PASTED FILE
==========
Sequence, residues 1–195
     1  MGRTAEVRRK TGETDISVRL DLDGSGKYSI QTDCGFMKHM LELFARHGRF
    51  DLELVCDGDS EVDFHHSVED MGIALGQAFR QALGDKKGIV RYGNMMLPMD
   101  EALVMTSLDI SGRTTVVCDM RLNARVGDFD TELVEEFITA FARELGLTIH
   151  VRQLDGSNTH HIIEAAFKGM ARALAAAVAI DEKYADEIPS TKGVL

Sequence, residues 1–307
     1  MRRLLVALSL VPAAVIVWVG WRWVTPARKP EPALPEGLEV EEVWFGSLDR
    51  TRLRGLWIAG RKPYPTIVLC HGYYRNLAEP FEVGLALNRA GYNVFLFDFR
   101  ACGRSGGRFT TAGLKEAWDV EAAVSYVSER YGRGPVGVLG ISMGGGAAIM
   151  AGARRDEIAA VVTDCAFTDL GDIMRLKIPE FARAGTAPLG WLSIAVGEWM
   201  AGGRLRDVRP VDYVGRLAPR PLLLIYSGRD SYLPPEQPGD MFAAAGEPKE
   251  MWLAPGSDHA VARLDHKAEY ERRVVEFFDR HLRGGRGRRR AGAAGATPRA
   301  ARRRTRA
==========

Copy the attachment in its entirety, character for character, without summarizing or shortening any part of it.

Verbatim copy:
Sequence, residues 1–195
     1  MGRTAEVRRK TGETDISVRL DLDGSGKYSI QTDCGFMKHM LELFARHGRF
    51  DLELVCDGDS EVDFHHSVED MGIALGQAFR QALGDKKGIV RYGNMMLPMD
   101  EALVMTSLDI SGRTTVVCDM RLNARVGDFD TELVEEFITA FARELGLTIH
   151  VRQLDGSNTH HIIEAAFKGM ARALAAAVAI DEKYADEIPS TKGVL

Sequence, residues 1–307
     1  MRRLLVALSL VPAAVIVWVG WRWVTPARKP EPALPEGLEV EEVWFGSLDR
    51  TRLRGLWIAG RKPYPTIVLC HGYYRNLAEP FEVGLALNRA GYNVFLFDFR
   101  ACGRSGGRFT TAGLKEAWDV EAAVSYVSER YGRGPVGVLG ISMGGGAAIM
   151  AGARRDEIAA VVTDCAFTDL GDIMRLKIPE FARAGTAPLG WLSIAVGEWM
   201  AGGRLRDVRP VDYVGRLAPR PLLLIYSGRD SYLPPEQPGD MFAAAGEPKE
   251  MWLAPGSDHA VARLDHKAEY ERRVVEFFDR HLRGGRGRRR AGAAGATPRA
   301  ARRRTRA